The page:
As the late Myles Munroe once said “when purpose is not known, abuse is inevitable”. As communication is key in relationships, so also it is in change initiatives; over communication cannot be over emphasised. Apart from communicating change, it is vital to also include the need for change and why it is dangerous to remain the same. The need for change has to be properly understood. The ‘why’ must first be answered before the nitty-gritty of the ‘how’ can be properly understood and assimilated.
In his wisdom, a top executive ordered us to have review meetings every evenings, in addition to the daily morning reports, in order to give a run down on the day’s activities. It was created to control and bring order to our itinerary as sales men. However, we just saw it as a burden, we played along to fulfil all righteousness not to get sanctioned, but once the leader left the business, the late evening meetings went along with him, as we all heaved a sigh of relief and stopped altogether, as we were already skipping some days.
Proper articulation for why changes are made should be explained and crafted as well as the benefits and impacts of such changes. To a large extent people must be carried along and made to understand why. Convincing messages should be crafted via meetings, town hall meetings, teleconferences, mails, intranets and other in-house communication channels.
Proper controls and mechanisms must be in place
What gets measured is what gets done? Change cannot be articulated and sustained by an e-mail blast on a Monday morning; reinforcement mechanisms and checks must be in place. This is done by training and also ensuring the necessary tools are in place and that people are accountable through appraisals and assessments, also by rewarding the right behaviour individually and as a group.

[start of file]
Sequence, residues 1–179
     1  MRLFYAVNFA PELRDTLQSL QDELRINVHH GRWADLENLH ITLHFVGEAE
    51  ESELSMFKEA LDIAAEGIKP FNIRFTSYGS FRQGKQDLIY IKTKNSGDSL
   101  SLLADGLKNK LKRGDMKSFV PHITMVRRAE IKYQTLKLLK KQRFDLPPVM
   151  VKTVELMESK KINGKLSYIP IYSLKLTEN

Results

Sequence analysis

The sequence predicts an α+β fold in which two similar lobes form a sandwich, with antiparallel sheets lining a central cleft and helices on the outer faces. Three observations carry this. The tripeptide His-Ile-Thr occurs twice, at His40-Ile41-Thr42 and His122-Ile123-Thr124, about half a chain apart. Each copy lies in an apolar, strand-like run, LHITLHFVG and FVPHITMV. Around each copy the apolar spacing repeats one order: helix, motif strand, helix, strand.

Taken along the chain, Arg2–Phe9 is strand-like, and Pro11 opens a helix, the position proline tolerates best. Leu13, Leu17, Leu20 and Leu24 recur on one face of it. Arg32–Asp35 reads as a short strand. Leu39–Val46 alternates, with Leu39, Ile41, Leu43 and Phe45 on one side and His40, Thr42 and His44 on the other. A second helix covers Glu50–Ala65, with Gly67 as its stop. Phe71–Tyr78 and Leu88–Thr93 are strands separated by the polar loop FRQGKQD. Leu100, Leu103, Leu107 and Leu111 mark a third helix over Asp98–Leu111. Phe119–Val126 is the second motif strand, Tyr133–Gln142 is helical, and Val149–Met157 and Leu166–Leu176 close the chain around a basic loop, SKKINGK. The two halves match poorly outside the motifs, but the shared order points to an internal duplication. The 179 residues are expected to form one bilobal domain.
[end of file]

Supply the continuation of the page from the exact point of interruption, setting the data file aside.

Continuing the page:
This will ensure that everyone will be a check on themselves; individual and group bonuses for performance can also be introduced, trackers can also be put in place for people that blaze the trail and deviants to be either celebrated publicly or punished, creating an atmosphere of competition.
Build capacity
Capacity also has to be built across the entire organisation, on the right attitudes and models to follow, this can be done by picking the right models within the organisation or in each departmental to act as the flag bearers, to ensure everyone or at least most come to the party.
Once the people are built up and have the required capacity, every other thing will fall in place, as the saying goes- “take care of the little things and the big things will take care of themselves.”
The desired behaviour has to be properly modelled by top executives and designated coaches within the system. People or departments that mirror the desired changes should be singled out for praise and appreciation.
Though there is no single silver bullet model for change, to ensure change is sustainable and stands the test of time, the above principles should be judiciously followed for great impact.